Sukkot comes at the exact right time of the year, psychologically and emotionally speaking. If it were not for the advent of Sukkot and all of the preparations involved regarding this festival of joy and happiness, we would all be very depressed at having to climb down from the pinnacle of Yom Kippur to everyday mundane existence.
The Torah allows us to contemplate our future year with a sense of happiness and satisfaction. The sukkah signifies the protection that the Lord will provide us with for the whole coming year. Though the actual sukkah may be small and relatively flimsy as compared to our homes, it nevertheless symbolizes faith, serenity and confidence in the eternity of Israel and its Torah.
The four species of vegetation that are an integral part of Sukkot reinforce our appreciation of the beauty of God’s world. It reminds us that the world can be a Garden of Eden and we should endeavor not to destroy it or be expelled from it.
The different species represent the harmony of nature, the flash of its color and its built in symbiotic nature. Whereas pagans worshipped nature, Judaism stressed its role as being one of the great wonders of God’s creation.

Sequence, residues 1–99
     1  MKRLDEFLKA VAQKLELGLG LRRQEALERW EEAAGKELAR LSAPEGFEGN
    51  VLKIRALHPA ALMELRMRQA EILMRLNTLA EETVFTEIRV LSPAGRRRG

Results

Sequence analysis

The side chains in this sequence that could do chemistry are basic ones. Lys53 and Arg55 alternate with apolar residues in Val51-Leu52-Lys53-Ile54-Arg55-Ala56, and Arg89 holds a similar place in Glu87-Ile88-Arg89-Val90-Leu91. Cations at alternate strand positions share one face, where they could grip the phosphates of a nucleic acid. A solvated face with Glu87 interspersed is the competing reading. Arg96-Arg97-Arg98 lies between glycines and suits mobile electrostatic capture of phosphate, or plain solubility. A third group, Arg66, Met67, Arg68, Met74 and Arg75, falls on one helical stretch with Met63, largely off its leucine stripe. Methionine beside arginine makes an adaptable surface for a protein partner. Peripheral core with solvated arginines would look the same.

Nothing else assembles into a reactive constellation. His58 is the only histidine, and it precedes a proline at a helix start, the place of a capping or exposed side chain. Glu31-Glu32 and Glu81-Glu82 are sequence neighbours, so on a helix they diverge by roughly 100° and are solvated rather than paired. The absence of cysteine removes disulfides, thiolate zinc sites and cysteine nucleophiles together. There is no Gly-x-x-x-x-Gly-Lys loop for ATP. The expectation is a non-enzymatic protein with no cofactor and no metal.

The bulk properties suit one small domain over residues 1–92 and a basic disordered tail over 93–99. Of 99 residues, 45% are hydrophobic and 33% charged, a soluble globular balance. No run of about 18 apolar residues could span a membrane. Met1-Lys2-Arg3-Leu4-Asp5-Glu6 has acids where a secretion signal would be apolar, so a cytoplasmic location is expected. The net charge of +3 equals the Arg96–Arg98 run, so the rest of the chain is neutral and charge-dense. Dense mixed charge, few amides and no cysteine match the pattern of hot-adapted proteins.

Abraham had it right when he stated that people wonder at the magnificence of a beautiful building but ignore the genius of the architect that designed it. Judaism, while always impressed by the wonder of the building itself, always looks intently to recognize and acknowledge the architect behind it.
Sukkot helps remind us of the necessity to always search for that architect in all of the facets of our lives and world.
Sukkot also reveals clearly our dependence upon Heaven for rain – for water. Without water in abundance, life cannot function and grow. The Torah tells us that the Lord sent us purposely into a land where water is a precious commodity. There are no great rivers or giant lakes that appear on the landscape of the Land of Israel. We are therefore dependent on the winter season’s rains.
We pray on Sukkot for those rains to be abundant, gentle and saturating. Rain has a cleansing effect not only on the air we breathe but on the life spirit that exists within us. Hence its deep association with the joy of Sukkot.
Rain and water also symbolize Torah and purification. Moshe, in his final oration to Israel, states that his words of Torah should be felt as gentle rain and dew descending on the Holy Land. The prophet Yeshayahu compares Torah to water as does King David in Tehillim.
The holiday of Sukkot reinforces this connection with its own link to Simchat Torah, the day that marks the conclusion of this great and noble holiday period. For as obvious as it is that the Land of Israel cannot survive and prosper without water, so too the people of Israel will be unable to prosper and survive without an attachment to Torah, its commandments and values. The message of Sukkot is the perfect conclusion to the spirituality of Yom Kippur.
Rabbi Berel Wein Rabbi Berel Wein- Jewish historian, author and international lecturer offers a complete selection of CDs, audio tapes, video tapes, DVDs, and books on Jewish history at www.rabbiwein.com